Revisiting the metacontrast dissociation: Comparing sensitivity across different measures and tasks

Ansorge, Ulrich, Becker, Stefanie I. and Breitmeyer, Bruno (2009) Revisiting the metacontrast dissociation: Comparing sensitivity across different measures and tasks. Quarterly Journal of Experimental Psychology, 62 2: 286-309. doi:10.1080/17470210801908492


Author Ansorge, Ulrich
Becker, Stefanie I.
Breitmeyer, Bruno
Title Revisiting the metacontrast dissociation: Comparing sensitivity across different measures and tasks
Journal name Quarterly Journal of Experimental Psychology   Check publisher's open access policy
ISSN 1747-0218
1747-0226
Publication date 2009-02-01
Year available 2009
Sub-type Article (original research)
DOI 10.1080/17470210801908492
Open Access Status Not yet assessed
Volume 62
Issue 2
Start page 286
End page 309
Total pages 24
Editor A Mike Burton
Simon Killcross
Place of publication United Kingdom
Publisher Psychology Press
Language eng
Subject C1
1701 Psychology
1702 Cognitive Sciences
970117 Expanding Knowledge in Psychology and Cognitive Sciences
Abstract In the metacontrast dissociation procedure, presenting a masked shape prime prior to a visible shape target leads to reaction-time effects of the prime in an indirect measure, although participants cannot consciously detect prime shapes in a direct measure (Klotz & Neumann, 1999). This has been taken as evidence for the processing of unconscious input. The results of the present metacontrast dissociation study indicate that although participants are unable to consciously report the shape of the prime, they can consciously perceive motion between masked primes and visible targets in a hybrid direct/indirect measure (Experiments 1 and 3). This indicates that former tests did not provide an exhaustive measure for residual conscious perception of the prime in the metacontrast dissociation procedure. Further tests, however, reveal that residual motion perception cannot account for performance in the indirect measure (Experiments 2 and 3). Although the results thus leave the conception of processing of unconscious input intact, they may prompt a revision of its criteria.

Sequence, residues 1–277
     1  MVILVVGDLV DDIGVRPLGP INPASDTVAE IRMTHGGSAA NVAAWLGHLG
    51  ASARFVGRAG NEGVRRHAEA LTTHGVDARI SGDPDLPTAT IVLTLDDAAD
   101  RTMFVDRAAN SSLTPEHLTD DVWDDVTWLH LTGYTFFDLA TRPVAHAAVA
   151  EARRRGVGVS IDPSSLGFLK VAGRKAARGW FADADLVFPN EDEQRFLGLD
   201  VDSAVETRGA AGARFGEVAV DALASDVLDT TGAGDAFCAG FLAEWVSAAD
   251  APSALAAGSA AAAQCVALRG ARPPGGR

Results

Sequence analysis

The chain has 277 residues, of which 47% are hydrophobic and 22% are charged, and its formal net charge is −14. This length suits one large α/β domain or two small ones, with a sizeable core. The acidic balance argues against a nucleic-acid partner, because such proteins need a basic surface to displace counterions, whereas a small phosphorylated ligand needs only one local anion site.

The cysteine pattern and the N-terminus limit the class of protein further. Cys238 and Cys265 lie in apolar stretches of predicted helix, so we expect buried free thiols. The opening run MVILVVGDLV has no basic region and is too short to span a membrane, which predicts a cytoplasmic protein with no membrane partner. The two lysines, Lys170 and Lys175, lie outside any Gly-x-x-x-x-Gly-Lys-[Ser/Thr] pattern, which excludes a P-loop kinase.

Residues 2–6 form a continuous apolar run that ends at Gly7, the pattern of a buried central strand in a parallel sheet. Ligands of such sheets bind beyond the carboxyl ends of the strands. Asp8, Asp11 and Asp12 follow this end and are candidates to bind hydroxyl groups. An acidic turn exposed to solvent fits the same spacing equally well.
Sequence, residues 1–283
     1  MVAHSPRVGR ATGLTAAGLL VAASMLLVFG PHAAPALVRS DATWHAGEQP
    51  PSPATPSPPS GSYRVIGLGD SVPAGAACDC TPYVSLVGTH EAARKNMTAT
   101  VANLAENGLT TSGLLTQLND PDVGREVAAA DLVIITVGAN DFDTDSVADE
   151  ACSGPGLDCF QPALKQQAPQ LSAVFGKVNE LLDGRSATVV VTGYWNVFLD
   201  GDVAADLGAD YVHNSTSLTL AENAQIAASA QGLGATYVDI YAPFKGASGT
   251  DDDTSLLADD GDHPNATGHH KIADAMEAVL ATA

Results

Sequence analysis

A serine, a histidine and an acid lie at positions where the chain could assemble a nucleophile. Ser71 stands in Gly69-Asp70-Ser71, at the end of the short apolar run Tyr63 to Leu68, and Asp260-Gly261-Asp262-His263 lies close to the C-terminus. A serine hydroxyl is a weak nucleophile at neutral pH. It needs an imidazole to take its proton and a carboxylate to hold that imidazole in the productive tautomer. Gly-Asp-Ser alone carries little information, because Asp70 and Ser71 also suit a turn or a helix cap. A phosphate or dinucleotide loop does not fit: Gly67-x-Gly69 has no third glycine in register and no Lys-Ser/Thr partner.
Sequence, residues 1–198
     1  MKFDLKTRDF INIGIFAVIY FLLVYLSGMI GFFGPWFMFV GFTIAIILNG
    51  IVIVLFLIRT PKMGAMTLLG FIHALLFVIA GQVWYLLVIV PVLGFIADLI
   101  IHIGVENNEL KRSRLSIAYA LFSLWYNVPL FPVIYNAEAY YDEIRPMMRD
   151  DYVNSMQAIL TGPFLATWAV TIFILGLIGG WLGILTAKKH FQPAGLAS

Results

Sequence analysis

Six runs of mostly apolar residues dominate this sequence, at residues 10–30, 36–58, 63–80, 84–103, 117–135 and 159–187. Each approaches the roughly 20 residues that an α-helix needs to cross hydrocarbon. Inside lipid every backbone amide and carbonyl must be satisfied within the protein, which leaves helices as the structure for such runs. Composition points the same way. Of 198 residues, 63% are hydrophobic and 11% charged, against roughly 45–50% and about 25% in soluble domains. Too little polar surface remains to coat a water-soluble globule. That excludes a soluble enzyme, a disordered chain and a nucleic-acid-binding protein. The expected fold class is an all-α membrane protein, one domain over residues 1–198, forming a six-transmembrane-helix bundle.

Keyword Subliminal perception
Visual motion
Visual masking
direct parameter specification
Q-Index Code C1
Q-Index Status Confirmed Code
Institutional Status UQ

Document type: Journal Article
Sub-type: Article (original research)
Collections: 2010 Higher Education Research Data Collection
School of Psychology Publications
 
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Created: Thu, 03 Sep 2009, 18:11:18 EST by Mr Andrew Martlew on behalf of School of Psychology